Libyan strongman Khalifa Haftar admitted to Paris hospital
Libyan military commander Khalifa Haftar has been admitted to a Paris hospital after suffering a cerebral hemorrhage and losing consciousness in the eastern Libyan city of Benghazi, FRANCE 24 has learned.
The commander of the self-styled national army in eastern Libya was rushed to the Jordanian capital of Amman after losing consciousness and was later transferred to a Paris hospital, according to FRANCE 24’s Libya correspondent Mohamed Najm.
News of Haftar’s hospitalisation in Paris emerged Tuesday, when veteran French journalist Vincent Hugeux said the controversial Libyan strongman had been admitted to Val-de-Grâce, a well-known military hospital in Paris, in a Twitter post that cited an unnamed "reliable" source.
However, a spokesman for Haftar’s self-styled army told the Libyan Al-Nabaa TV station that Haftar was fine and in good condition. The spokesman denied all reports of Haftar suffering a stroke or a heart attack.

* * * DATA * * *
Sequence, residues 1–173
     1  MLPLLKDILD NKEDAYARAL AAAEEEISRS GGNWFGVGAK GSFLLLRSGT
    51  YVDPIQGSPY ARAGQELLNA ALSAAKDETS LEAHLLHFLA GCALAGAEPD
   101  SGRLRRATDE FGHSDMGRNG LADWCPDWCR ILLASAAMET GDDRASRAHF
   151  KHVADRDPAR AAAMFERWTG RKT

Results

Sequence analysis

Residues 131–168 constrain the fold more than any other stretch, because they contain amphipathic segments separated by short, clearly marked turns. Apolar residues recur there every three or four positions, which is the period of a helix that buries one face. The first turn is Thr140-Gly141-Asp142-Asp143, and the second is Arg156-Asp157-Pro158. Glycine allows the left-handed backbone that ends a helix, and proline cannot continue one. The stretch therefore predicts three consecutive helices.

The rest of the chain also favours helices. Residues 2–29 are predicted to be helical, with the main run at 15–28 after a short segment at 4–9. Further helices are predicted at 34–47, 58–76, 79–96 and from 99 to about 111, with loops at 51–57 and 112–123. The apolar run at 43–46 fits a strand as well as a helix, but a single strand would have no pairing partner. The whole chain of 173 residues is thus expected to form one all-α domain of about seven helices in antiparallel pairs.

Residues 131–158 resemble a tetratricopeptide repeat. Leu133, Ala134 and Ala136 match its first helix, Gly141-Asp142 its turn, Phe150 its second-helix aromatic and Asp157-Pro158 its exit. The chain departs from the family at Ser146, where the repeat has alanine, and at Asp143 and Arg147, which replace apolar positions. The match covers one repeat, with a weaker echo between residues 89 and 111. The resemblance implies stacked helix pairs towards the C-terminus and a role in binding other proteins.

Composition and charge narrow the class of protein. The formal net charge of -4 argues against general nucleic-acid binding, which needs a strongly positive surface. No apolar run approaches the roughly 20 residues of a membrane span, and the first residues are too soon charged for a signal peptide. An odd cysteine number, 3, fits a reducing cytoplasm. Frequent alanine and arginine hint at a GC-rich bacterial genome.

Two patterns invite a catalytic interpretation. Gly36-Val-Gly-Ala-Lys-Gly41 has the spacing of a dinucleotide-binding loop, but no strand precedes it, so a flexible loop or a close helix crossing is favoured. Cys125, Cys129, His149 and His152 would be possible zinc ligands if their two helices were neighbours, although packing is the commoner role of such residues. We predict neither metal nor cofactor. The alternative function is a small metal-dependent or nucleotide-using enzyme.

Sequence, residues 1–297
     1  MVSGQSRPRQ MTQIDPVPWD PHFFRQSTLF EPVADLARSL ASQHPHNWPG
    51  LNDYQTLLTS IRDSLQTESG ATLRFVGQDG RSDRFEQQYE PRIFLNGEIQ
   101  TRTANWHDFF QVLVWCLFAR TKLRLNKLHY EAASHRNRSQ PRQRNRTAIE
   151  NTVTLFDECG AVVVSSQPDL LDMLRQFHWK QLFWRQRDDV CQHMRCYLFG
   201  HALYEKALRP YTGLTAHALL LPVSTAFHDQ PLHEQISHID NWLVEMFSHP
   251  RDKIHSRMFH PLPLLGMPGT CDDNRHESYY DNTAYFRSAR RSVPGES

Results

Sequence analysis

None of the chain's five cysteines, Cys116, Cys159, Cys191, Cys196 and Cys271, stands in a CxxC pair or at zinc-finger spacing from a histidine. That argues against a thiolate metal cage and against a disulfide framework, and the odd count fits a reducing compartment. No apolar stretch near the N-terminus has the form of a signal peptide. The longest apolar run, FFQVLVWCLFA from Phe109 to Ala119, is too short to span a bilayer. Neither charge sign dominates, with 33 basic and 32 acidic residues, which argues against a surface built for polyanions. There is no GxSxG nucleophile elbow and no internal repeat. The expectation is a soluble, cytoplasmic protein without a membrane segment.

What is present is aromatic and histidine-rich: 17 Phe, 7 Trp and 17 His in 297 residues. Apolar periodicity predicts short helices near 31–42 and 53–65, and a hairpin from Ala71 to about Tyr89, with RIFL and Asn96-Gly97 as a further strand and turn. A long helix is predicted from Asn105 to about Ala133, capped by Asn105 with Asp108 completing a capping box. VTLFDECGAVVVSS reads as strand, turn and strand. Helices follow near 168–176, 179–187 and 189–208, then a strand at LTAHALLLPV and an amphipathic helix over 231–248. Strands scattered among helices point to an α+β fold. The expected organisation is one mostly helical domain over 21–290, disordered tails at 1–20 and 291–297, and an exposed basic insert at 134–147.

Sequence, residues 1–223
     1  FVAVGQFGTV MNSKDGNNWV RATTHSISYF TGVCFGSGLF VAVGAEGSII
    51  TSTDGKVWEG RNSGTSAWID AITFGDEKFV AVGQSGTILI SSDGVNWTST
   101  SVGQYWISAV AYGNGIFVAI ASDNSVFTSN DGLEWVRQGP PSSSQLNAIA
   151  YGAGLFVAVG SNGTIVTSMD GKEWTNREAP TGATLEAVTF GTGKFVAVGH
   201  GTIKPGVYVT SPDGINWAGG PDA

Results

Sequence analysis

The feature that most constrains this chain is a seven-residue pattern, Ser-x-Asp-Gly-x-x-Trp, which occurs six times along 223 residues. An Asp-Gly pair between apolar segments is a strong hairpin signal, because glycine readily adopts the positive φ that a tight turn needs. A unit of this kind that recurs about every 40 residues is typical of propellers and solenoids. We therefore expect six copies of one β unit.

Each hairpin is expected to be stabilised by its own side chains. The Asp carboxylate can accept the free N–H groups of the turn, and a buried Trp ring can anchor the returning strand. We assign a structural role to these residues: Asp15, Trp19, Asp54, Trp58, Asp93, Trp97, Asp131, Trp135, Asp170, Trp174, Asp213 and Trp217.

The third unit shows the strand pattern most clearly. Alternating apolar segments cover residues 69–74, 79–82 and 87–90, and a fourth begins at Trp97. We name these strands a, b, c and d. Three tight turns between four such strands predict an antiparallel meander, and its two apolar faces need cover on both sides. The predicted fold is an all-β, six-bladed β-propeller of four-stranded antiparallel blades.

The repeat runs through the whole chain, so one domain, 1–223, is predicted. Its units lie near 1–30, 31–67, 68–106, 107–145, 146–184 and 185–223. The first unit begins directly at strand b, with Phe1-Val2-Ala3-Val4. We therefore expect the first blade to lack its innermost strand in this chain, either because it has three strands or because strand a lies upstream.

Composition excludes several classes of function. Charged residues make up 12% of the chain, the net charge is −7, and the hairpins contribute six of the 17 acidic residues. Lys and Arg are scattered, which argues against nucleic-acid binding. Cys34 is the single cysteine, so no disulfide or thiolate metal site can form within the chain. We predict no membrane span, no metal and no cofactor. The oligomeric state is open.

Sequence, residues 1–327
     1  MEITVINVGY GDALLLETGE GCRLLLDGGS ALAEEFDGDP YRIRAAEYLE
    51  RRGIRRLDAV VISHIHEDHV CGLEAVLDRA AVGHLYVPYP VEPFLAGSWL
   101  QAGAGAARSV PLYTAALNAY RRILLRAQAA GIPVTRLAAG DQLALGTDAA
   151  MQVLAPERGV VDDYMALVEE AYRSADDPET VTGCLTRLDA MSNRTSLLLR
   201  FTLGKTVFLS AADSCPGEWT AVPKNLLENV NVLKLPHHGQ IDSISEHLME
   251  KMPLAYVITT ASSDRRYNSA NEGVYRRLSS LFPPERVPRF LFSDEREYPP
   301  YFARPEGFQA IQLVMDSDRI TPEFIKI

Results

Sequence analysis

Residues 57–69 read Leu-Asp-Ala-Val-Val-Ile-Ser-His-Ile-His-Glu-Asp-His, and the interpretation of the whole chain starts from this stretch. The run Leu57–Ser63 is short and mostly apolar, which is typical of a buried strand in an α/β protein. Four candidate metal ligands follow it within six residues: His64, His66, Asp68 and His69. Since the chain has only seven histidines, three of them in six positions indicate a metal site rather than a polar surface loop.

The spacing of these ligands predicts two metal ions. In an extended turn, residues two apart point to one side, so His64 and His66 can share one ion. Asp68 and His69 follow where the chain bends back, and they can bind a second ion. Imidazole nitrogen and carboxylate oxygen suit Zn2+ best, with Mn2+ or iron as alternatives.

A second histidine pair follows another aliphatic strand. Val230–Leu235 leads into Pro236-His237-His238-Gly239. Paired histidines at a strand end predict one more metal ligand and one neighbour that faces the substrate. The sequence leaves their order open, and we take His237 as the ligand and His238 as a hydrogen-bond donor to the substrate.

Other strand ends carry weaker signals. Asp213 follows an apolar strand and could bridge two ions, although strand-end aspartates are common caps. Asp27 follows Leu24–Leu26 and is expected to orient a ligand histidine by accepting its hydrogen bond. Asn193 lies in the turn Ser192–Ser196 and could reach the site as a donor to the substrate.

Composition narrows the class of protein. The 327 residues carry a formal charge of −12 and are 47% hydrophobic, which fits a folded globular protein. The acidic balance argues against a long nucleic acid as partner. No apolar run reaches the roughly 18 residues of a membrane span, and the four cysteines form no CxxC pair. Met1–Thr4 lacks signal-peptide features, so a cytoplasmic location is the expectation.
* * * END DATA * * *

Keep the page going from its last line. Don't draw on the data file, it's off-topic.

The 75-year-old warlord, who served in the Libyan army under former strongman Muammar Gaddafi, is powerful in country’s eastern Cyrenaica region where his forces have seized control of some of Libya’s main oil terminals.
Gaddafi’s fall during the 2011 Arab uprisings triggered chaos in the oil-rich nation with rival rebel groups seizing control of pockets of the vast North African country.
Disputed elections in 2014 saw the country effectively split between competing powers in the capital, Tripoli, and the eastern Libyan city of Tobruk. Over the past few years, Haftar has expanded his hold over vast swathes of eastern Libya and has warned that the country is not ready for democracy despite UN plans to hold elections later this year.
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